Asymmetric direct interactions alter the phase diagram.

More generally, direct interactions between the antibiotics on the ribosome could be asymmetric. For example, binding of only one of the antibiotics could trap the ribosome in a conformation that facilitates the binding of the other antibiotic but not vice versa. To investigate such effects, we fixed δoff,i = 1 and varied δon,i for antibiotics with different response parameters α (Fig 6). The resulting difference in kinetic parameters describes an asymmetric direct interaction on the ribosome. We systematically calculated the shape of the dose-response surface for this situation.

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Fig 6. Asymmetric direct interactions reshape the phase diagram of drug interactions.

(A) Dose-response surfaces for different instances of asymmetric direct interaction and response parameters; insets on top show schematics of the type of direct interaction and top-right symbols correspond to those in (B). Antibiotics with shallow (αA = 22) and steep (αB = 2−3) dose-response curves are shown by black and white disks, respectively. Left: Antagonism occurs when an antibiotic with a steep dose-response asymmetrically hinders the binding of another one with a shallow dose-response, which in turn promotes the binding of the former. Middle: Symmetrizing the direct interaction almost completely abolishes antagonism. Right: Inverting the scenario from the left-most panel results in mild synergy. (B) Phase diagram of drug interactions for asymmetric direct interactions between antibiotics with different response parameters. Different response parameters (αA = 22 and αB = 2−3) profoundly affect the resulting drug interaction: A continuous transition from antagonism to synergy occurs (white dashed line denotes LI = 0). Purple symbols show the examples from (A) in the phase diagram.

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When antibiotics with identical response parameters α are combined, the same trend as for symmetric direct interactions occurs: Increasing δon enhances the drug interaction. For combinations of antibiotics with different dose-response curve shapes, asymmetric direct interactions on the ribosome result in a different behavior (Fig 6A and 6B). If an antibiotic with a steep dose-response curve asymmetrically hinders the binding of an antibiotic with a shallow dose-response, while the binding of the former is stabilized by the latter, antagonism emerges (Fig 6A). In contrast, synergy occurs if the roles of the antibiotics are inverted (Fig 6A). The latter can be rationalized by interpreting the direct interaction on the ribosome as a change of the effective binding characteristics of the antibiotics. Specifically, in the case where the steep-response antibiotic promotes the binding of the shallow-response antibiotic, the latter will in turn destabilize the binding of the former–effectively, the steep-response antibiotic will thus behave as if it had a shallower response. As a result, synergy occurs–exactly as expected when two shallow-response antibiotics are combined (Fig 3C). In the opposite situation, the binding of the shallow-response antibiotic becomes even looser and the binding of the steep-response antibiotic is stabilized. From the phase diagram in Fig 3C, antagonism is the expected outcome in this case as we combine antibiotics with steep and shallow responses, respectively. Taken together, these results show how complicated direct interactions between antibiotics bound to their target can lead to unexpected emergent drug interactions.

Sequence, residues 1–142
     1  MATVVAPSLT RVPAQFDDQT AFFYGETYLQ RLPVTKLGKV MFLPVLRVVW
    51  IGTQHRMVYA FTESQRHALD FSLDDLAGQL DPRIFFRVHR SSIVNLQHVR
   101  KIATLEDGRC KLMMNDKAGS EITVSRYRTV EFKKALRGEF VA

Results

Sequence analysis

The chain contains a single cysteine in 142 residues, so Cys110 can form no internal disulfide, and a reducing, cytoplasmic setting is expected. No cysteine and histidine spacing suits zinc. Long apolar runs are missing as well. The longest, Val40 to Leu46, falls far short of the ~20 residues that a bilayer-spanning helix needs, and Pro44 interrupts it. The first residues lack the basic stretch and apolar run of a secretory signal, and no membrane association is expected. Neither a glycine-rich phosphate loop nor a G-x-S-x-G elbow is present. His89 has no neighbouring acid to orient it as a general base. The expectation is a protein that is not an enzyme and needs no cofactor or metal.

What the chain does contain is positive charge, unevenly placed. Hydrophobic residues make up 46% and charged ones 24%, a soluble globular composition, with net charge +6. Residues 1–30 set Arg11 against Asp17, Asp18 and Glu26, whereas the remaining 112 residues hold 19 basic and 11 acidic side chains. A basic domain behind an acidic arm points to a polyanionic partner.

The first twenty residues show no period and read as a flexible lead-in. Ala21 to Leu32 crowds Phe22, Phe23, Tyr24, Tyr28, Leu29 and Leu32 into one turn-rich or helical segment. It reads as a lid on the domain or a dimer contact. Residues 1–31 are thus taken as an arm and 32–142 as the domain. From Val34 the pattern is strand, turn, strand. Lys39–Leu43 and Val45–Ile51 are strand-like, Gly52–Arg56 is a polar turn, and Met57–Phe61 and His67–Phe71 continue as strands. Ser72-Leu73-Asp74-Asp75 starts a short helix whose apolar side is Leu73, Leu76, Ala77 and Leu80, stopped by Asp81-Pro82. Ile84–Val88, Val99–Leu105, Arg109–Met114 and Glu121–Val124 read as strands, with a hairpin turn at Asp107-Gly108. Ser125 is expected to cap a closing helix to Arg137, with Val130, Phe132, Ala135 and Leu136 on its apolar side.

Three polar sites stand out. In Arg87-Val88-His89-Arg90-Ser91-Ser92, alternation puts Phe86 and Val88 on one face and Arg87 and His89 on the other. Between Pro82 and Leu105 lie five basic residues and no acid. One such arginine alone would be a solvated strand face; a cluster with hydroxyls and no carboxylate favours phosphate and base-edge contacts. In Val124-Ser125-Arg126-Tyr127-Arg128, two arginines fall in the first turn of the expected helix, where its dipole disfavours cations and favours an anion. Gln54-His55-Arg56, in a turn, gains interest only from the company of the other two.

Relation to mechanism-independent models of higher-order drug interactions.

The biophysical model described above can predict the pairwise drug interactions that are needed to apply recently proposed mechanism-independent models for higher-order drug interactions [8]. While a detailed analysis of higher-order drug interactions is beyond the scope of this article, it is instructive to demonstrate how the pairwise interactions bridge the gap between responses to individual drugs and higher-order drug combinations. In the framework of Ref. [8], higher-order drug interactions can be predicted using an entropy maximization method, in which the joint drug effects are fully determined by the responses to the individual drugs (yi) and their pairwise combinations (yij): (15)

In the limit of slow growth used previously, it is straightforward to analyze the effects of higher-order drug combinations. The approximate results below are based on the assumptions that: (i) the growth rate is directly proportional to the concentration of unblocked ribosomes, (ii) growth rate is nearly zero, (iii) the intracellular drug concentration depends only on transport kinetics (i.e., aaex pin/pout), and (iv) the growth rate is directly proportional to the concentration of unblocked ribosomes (Fig 7A). Under these assumptions, analytical solutions can be obtained. For example, we can construct a system of differential equations describing the binding of three different antibiotics (A, B, C); the steady-state solution of this system is: (16)

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Fig 7. Assumptions and binding kinetics diagram underlying the calculation of higher-order drug interactions.

(A) Assumptions that simplify the system to allow obtaining a closed solution. (B) Binding kinetics diagram shows allowed transitions between ribosome subpopulations. Different symbols on the ribosomes denote different antibiotics.